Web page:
Since Android phones automatically connect to an open Wi-Fi as soon as it detects one (assuming you have your phone’s Wi-Fi turned on), this is a serious risk.

It is very easy to give any name to a Wi-Fi connection and make it seem legitimate. For instance, your phone might detect a network named “Dunkin’ Donuts”, and for all you know, it could be a bogus network created by cybercriminals.

Any apps that you might have on your phone such as Facebook, Instagram etc. activate as soon as your phone finds a Wi-Fi connection to hook onto. This means that any information on these apps can be accessed by the creator of the bogus network.

Therefore, I strongly suggest that you keep your phone’s Wi-Fi off and only activate it when you trust the network you want to connect to.

Simple Measures to Increase Android Security

Using VPN is one way you can increase the security of your Android. At the same time, I suggest you make a habit of following a few simple safety rules.

It might save you a whole a lot of trouble later on.

Download Android apps from the Play Store Only

The apps available on Play Store are verified by Google and checked for known security flaws. If a given app is deemed unsafe by Google, it will be removed from Play Store so unwary users can stay safe.

Although some malicious apps may slip through this check, it is still effective in protecting you from a great deal of dangerous ones.

Rooting Android Phone is a bad idea

While it may seem exciting to root your Android phone to unlock additional capabilities, bear in mind that rooting actually undermines built-in safeguards in the operating system that provide security.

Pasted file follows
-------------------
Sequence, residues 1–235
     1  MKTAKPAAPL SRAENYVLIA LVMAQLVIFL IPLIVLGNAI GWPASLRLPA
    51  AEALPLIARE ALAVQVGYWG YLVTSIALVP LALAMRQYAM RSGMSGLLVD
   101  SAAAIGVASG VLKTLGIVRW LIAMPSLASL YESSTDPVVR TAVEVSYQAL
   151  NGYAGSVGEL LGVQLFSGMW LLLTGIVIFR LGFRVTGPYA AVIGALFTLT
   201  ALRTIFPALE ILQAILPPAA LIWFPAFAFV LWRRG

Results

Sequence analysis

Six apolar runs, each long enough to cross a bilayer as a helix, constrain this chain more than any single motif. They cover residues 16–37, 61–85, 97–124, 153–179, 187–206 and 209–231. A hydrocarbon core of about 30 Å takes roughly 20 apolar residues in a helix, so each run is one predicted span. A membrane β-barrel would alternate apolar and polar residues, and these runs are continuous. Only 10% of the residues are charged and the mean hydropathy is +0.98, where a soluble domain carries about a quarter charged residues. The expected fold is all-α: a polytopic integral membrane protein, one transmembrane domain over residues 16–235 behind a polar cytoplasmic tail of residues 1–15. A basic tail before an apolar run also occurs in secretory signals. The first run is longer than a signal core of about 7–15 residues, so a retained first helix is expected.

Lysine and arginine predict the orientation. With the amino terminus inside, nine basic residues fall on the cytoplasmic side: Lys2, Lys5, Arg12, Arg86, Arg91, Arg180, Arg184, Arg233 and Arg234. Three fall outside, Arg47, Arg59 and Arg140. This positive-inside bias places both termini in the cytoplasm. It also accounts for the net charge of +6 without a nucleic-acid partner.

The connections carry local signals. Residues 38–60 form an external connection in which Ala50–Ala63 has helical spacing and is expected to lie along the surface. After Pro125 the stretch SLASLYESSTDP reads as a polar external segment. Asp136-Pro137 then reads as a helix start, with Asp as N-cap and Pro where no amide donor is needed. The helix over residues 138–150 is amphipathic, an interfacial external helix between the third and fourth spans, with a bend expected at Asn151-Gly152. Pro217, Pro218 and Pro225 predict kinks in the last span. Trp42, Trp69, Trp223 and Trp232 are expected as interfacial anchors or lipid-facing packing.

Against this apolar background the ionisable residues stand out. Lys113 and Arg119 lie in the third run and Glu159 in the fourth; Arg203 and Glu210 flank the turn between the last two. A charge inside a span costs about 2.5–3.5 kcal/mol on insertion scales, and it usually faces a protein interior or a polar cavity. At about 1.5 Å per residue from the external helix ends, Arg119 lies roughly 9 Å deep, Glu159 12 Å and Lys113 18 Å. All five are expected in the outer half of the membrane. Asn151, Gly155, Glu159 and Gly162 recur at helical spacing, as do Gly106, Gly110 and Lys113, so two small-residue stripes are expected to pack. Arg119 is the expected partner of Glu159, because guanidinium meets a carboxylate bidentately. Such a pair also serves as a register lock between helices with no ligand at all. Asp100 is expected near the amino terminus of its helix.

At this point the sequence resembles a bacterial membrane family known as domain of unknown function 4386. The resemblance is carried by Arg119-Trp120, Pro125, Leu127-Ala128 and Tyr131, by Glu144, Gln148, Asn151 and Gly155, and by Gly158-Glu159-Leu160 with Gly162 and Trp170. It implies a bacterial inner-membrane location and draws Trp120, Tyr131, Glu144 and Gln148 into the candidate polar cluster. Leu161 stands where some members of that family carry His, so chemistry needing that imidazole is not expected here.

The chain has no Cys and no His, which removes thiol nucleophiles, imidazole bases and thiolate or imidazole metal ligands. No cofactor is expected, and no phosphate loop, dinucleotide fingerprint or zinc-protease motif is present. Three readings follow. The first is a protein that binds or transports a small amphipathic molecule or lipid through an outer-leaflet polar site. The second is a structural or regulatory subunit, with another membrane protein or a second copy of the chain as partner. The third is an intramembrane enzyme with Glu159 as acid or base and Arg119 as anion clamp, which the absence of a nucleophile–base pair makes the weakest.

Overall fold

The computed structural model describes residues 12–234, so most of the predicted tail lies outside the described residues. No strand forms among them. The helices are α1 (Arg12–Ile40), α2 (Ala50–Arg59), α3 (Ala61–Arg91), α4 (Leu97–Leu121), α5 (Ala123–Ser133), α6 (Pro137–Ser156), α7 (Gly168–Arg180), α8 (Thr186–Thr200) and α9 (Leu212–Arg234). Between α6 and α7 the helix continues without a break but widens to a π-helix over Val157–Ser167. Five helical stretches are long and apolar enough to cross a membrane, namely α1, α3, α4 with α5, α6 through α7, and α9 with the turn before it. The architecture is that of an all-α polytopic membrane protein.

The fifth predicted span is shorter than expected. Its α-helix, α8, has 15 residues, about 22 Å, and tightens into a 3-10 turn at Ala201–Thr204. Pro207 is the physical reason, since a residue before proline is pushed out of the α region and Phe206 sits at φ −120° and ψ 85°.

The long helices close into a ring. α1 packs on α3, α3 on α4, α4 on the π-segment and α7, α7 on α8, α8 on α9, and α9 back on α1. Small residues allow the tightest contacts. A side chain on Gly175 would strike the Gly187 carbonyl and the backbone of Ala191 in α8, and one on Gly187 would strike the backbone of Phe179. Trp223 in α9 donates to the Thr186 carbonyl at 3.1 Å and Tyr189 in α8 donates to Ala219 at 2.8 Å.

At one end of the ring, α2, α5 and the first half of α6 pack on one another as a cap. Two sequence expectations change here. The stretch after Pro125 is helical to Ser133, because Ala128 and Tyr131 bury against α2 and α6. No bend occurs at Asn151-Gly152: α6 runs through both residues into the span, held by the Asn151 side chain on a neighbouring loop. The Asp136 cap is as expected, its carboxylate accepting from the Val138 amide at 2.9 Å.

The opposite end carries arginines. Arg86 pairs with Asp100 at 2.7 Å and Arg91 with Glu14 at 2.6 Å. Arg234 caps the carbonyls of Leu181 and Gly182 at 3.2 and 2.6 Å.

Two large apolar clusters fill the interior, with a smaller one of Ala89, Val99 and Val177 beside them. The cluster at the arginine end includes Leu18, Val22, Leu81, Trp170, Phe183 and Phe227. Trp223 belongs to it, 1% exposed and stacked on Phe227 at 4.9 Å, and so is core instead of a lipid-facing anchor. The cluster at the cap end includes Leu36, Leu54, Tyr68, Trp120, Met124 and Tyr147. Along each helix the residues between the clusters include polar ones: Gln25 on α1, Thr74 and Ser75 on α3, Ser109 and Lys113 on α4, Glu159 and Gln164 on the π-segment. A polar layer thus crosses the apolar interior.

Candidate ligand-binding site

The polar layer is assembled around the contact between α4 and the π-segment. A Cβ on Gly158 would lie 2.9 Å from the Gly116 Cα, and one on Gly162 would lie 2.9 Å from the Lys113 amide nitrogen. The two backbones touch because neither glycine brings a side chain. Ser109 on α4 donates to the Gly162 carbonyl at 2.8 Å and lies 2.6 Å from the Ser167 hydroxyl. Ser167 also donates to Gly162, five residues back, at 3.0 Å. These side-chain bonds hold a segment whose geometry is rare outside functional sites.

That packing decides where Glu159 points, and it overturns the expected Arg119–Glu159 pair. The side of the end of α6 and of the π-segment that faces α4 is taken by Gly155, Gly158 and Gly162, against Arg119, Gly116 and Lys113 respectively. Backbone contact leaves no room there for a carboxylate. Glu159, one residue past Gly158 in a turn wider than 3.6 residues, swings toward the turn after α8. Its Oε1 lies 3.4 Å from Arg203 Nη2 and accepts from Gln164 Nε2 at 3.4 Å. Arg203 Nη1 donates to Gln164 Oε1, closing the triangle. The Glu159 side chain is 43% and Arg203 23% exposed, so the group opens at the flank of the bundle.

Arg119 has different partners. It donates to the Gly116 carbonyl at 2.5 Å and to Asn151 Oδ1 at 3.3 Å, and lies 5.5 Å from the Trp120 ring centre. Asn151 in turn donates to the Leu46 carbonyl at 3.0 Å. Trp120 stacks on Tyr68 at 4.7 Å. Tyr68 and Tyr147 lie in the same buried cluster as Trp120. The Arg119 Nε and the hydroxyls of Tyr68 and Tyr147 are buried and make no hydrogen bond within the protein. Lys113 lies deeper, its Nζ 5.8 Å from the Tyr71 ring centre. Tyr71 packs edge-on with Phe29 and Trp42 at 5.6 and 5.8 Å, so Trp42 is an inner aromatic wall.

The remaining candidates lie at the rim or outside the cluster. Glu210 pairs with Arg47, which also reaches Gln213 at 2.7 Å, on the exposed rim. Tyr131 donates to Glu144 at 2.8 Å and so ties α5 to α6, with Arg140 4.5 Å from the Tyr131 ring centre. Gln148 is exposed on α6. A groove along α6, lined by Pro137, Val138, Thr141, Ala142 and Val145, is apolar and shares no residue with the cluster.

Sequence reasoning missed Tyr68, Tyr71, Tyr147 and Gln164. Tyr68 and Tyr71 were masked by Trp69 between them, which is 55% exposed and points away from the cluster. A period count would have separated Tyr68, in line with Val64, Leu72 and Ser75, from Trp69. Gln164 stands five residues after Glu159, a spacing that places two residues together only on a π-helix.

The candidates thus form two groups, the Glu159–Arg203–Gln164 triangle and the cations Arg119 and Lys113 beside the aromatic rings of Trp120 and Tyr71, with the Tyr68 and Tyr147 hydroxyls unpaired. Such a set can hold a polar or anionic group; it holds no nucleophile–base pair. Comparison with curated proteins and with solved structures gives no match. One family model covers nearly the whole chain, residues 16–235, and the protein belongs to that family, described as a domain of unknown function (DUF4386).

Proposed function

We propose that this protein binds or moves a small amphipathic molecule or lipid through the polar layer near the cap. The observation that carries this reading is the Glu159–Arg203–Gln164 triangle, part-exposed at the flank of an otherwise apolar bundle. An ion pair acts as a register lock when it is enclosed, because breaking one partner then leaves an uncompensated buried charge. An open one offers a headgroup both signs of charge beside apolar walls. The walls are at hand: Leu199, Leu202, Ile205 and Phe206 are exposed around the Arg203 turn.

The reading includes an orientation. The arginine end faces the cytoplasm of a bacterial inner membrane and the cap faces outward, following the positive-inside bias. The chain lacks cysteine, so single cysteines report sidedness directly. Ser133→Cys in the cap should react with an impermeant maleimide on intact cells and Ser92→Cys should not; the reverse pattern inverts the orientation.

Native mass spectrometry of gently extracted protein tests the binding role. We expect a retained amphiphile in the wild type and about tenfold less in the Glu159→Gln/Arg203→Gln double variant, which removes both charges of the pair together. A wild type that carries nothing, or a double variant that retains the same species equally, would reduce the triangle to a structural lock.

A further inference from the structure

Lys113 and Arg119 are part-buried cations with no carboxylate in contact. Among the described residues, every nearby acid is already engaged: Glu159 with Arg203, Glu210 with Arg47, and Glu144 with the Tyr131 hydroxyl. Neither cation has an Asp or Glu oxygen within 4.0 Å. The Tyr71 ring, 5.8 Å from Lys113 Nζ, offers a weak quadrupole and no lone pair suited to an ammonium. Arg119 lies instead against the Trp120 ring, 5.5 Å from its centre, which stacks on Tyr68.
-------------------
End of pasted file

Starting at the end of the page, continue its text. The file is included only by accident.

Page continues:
Rooting exempts apps from having cryptographic signatures that prove the safety of the app. Moreover, apps in a rooted phone can access data from other apps without requiring user permission.

These expose your Android device to security threats and leave it open to invasion by hackers.

Keep Bluetooth off

The Bluetooth in Android devices is another trail that allows others to track your location if you have it turned on. This can be a serious security risk as your physical safety can be on the line. There is no good reason why any unknown individual should be privy to your whereabouts.

This is why it is a good idea to keep Bluetooth off on your Android unless when you actually need to use it for a data transfer.

Summing Up

Android devices have brought people a whole new world of conveniences that simply did not exist until the first few years of the 21st century. It is unfortunate, however, that security risks end up being the price we have to pay to enjoy the full range of benefits of Android phones.

With that said, it is still within your power to take effective measures for protecting your security in this smartphone-driven world, some of which I have pointed out above.

Author Bio:

Osama is a staunch believer in the inalienable right of every citizen to freedom of expression. Writing about online privacy and security without regard to political correctness is his answer to the powers that be threatening our freedom. Deeply curious about Nature and the Universe, he is fascinated by science, intrigued by mathematics, and wishes to play guitar like Buckethead in some alternate version of reality.